The specialists get a big head start, but the “samplers” catch up and even surpass them. Epstein notes that German scientists discovered that members of their World Cup championship team were late specializers who didn’t play more organized soccer than amateur-league players until age 22 or later. Instead, they spent their youth playing other sports and nonstructured soccer. Another study tracked 11-year-old soccer players for two years. Those who participated in other sports and unstructured soccer improved more by age 13.

There are endless examples. Ashton Eaton, the Olympic decathlon champion and world record holder, never competed in six of the 10 decathlon events until he went to college. Basketball star Steve Nash didn’t play basketball until he was 13. He believes soccer helped him excel in basketball.

Right now you’re saying, that might be true in another sport, but not in my sport. Which is exactly what Epstein says is the reaction of most athletes — especially soccer (they are the “loudest,” he writes).

The “sampling period” also applies to the nonsports arenas — math, science, music, etc. According to Epstein, scientists inducted into the highest national academies are much more likely to have avocations outside of their vocation. Nobel laureates and nationally renowned scientists are much more likely to be musicians, sculptors, painters, printmakers, woodworkers, mechanics, poets or writers. They “traveled on an eight-lane highway rather than down a single-lane one-way street. They had range,” wrote Christopher Connolly, who co-founded a consulting business to help high-achieving athletes and other professionals. “(They) were excellent at taking knowledge from one pursuit and applying it creatively to another.”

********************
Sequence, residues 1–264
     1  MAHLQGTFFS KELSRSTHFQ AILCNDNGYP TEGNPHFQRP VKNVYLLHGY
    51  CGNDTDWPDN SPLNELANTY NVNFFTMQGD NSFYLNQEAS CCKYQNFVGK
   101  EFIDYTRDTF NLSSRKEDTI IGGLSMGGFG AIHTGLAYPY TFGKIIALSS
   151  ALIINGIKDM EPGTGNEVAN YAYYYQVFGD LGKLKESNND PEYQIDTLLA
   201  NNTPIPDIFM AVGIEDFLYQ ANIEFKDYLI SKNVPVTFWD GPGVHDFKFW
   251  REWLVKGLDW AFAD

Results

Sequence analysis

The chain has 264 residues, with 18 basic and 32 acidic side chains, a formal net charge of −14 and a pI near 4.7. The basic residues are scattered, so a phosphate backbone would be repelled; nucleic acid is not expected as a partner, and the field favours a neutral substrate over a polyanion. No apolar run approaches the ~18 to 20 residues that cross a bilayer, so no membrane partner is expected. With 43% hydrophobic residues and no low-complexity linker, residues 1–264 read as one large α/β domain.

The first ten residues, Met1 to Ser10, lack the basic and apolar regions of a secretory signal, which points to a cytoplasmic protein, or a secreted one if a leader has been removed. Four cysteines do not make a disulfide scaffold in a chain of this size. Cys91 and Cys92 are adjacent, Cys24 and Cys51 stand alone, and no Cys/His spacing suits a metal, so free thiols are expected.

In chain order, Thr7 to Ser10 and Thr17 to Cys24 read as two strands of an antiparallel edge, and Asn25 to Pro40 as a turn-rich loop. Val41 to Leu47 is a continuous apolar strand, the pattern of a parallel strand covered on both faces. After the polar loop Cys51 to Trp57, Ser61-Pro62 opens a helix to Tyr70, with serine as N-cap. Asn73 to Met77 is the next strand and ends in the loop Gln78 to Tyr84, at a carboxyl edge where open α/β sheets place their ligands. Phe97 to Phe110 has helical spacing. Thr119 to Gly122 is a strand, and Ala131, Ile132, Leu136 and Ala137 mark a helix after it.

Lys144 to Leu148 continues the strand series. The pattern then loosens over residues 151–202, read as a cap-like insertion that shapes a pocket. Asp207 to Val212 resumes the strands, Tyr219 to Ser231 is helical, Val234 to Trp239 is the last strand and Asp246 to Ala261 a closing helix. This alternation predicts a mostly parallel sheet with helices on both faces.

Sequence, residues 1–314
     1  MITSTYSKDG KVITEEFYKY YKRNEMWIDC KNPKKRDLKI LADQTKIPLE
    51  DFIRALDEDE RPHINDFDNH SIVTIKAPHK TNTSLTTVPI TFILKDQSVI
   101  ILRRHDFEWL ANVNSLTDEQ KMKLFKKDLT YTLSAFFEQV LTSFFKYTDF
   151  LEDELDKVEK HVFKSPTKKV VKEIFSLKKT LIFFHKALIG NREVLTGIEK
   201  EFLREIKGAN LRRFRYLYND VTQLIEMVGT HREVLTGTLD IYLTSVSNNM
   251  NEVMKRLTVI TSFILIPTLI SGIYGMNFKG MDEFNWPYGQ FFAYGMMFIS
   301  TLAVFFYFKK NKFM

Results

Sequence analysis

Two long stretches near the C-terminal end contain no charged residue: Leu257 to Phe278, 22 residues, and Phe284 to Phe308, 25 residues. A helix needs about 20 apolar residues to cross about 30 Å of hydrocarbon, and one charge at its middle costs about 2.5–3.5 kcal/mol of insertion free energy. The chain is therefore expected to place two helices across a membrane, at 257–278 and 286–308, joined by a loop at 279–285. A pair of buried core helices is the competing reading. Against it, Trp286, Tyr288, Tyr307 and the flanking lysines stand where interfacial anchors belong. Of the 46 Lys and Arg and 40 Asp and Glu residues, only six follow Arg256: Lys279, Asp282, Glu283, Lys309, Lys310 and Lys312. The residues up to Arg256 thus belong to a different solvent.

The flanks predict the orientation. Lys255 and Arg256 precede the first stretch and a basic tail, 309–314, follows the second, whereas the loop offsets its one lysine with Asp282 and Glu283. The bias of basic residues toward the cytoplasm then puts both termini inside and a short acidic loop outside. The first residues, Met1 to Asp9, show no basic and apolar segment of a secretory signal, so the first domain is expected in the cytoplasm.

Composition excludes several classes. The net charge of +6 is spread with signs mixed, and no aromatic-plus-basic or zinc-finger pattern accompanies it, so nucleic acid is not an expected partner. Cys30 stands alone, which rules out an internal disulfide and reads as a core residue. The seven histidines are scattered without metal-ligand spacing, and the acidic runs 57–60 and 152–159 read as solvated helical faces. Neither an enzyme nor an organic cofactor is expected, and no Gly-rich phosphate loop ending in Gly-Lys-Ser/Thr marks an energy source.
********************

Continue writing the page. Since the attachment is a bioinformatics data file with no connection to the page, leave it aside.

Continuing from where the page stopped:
Let’s let a renowned coach have the final word — former USC coach Pete Carroll (now head coach of the Seattle Seahawks). He once said, “The first questions I’ll ask about a kid are, ‘What other sports does he play? What does he do? What are his positions? Is he a big hitter in baseball? Is he a pitcher? Does he play hoops?’ All of those things are important to me. I hate that kids don’t play three sports in high school. I think that they should play year-round and get every bit of it that they can through that experience. I really, really don’t favor kids having to specialize in one sport.”